Family Finances

Bridging the Gap: How Wage Insurance Can Address Unemployment-Related Income Volatility

July 11, 2017  • Katherine Lucas McKay

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Research on income volatility reveals that job loss is one of the top two sources of negative income shocks. Yet, many efforts to understand and address income volatility do not adequately address the unique consequences of job loss. Newly unemployed workers face not only the short-term financial distress associated with dips in income, but also a long-term reduction in earnings, leaving them with fewer resources to manage income volatility in the future. In recent decades, laid-off workers do not reach their previous level of earnings for as long as six years. Even once reemployed, these workers face the type of ongoing, short-term volatility that impacts nearly half of all households—but future income spikes are likely to be smaller in magnitude. To explore these specific challenges, EPIC is focusing two briefs in our series on promising solutions to income volatility that is caused by job loss: this brief on wage insurance and a forthcoming brief on unemployment insurance. These briefs focus on public policies that can make these social insurance schemes work well for families, as well as explore private sector opportunities to complement and leverage public programs.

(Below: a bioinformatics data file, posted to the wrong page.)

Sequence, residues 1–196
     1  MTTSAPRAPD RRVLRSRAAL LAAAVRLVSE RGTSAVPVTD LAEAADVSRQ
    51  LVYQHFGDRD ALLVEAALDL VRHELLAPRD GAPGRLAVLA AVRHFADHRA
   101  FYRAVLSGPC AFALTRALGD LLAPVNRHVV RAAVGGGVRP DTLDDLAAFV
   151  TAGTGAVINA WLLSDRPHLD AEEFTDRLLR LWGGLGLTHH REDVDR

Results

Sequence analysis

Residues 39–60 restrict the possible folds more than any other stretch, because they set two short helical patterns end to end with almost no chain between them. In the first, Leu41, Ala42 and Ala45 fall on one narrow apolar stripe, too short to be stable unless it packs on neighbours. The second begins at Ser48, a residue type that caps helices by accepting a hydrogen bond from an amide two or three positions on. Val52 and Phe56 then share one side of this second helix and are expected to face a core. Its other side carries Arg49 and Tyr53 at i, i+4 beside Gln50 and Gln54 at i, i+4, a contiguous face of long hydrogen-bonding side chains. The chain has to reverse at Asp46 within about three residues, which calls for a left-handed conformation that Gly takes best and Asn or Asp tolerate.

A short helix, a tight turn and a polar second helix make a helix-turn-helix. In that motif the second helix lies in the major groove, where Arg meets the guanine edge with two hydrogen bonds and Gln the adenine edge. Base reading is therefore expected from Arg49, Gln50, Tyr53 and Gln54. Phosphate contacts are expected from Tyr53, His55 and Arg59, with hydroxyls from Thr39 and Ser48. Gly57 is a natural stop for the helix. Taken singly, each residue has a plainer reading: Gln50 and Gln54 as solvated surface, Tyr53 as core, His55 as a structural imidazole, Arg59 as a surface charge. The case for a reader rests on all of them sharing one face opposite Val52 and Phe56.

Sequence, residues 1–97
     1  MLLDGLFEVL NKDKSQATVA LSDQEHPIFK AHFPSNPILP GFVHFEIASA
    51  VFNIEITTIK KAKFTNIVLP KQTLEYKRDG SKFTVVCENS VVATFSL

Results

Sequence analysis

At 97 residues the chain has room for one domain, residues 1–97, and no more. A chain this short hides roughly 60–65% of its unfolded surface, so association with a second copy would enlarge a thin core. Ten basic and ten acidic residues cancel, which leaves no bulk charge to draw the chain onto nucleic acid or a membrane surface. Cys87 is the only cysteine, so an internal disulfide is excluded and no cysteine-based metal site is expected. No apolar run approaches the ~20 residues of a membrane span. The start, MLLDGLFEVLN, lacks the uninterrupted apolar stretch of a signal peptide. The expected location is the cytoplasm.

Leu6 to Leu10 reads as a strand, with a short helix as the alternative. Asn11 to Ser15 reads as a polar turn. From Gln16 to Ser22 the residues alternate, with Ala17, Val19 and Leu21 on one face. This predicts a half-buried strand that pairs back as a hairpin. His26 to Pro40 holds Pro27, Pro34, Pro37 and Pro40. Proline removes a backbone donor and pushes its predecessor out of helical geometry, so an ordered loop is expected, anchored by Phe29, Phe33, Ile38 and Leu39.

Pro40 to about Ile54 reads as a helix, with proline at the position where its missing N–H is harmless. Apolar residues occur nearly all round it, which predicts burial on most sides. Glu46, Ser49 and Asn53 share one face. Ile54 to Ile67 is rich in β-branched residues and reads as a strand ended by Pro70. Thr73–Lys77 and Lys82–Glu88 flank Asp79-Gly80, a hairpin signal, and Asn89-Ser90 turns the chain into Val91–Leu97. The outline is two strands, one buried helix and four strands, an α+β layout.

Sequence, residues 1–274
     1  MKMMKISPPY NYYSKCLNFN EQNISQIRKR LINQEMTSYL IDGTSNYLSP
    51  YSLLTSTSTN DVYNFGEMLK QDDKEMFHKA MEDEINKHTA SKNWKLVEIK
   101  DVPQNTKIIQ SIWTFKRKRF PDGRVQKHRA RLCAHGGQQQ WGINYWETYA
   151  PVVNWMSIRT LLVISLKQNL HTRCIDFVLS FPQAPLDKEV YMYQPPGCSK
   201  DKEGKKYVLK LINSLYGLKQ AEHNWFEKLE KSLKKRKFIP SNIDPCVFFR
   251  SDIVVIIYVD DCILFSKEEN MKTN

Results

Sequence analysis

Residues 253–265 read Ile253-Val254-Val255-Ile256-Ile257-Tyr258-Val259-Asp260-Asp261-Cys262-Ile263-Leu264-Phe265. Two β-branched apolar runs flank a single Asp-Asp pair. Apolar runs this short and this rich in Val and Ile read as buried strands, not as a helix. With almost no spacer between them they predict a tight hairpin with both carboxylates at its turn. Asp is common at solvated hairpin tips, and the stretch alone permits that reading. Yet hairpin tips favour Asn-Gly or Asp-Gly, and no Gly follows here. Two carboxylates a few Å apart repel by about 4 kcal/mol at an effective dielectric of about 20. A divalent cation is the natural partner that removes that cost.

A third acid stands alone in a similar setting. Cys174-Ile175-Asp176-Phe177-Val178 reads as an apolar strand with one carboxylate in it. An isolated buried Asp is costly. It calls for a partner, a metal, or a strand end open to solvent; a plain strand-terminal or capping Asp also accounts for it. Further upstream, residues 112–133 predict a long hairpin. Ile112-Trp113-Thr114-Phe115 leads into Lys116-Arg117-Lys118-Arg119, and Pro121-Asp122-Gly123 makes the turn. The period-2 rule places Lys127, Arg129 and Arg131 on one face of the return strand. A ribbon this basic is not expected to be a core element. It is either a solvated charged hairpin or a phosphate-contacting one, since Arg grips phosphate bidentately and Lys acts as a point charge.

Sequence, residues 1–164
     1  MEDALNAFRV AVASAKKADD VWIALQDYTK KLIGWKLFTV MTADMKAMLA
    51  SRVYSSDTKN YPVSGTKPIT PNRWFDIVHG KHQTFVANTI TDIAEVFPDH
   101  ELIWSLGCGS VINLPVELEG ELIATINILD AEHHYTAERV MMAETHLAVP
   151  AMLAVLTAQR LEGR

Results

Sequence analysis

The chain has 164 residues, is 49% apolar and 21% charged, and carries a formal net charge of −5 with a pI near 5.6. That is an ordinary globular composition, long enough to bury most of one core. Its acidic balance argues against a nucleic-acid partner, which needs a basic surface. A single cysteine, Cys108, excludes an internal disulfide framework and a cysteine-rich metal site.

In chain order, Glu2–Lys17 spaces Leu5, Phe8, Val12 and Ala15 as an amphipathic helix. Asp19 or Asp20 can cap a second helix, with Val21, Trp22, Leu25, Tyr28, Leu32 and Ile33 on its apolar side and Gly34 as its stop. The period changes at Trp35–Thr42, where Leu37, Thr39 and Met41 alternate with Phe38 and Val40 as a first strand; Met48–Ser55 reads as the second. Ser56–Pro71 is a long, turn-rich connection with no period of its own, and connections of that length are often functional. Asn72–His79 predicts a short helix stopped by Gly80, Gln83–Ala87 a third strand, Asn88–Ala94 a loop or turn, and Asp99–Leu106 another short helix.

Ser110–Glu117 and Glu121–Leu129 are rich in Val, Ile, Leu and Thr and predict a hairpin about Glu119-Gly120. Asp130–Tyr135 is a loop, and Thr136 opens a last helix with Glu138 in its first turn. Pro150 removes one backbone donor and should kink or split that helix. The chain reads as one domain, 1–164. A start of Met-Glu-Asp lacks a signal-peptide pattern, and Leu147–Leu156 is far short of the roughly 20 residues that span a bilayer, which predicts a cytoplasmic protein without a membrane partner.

This brief focuses on wage insurance, a potentially high-impact opportunity to help families avoid the serious long-term consequences of job loss or reduced wages. Wage insurance is an insurance policy that provides partial replacement of lost wages to workers who are forced to accept pay cuts. The brief reviews the current research on how income shocks associated with job displacement impact families’ financial security in the short- and long-term. It reviews prior efforts to implement various forms of wage insurance, discusses the roles of key institutions – governments, employers, and financial services providers including insurers—and recommends principles for further action.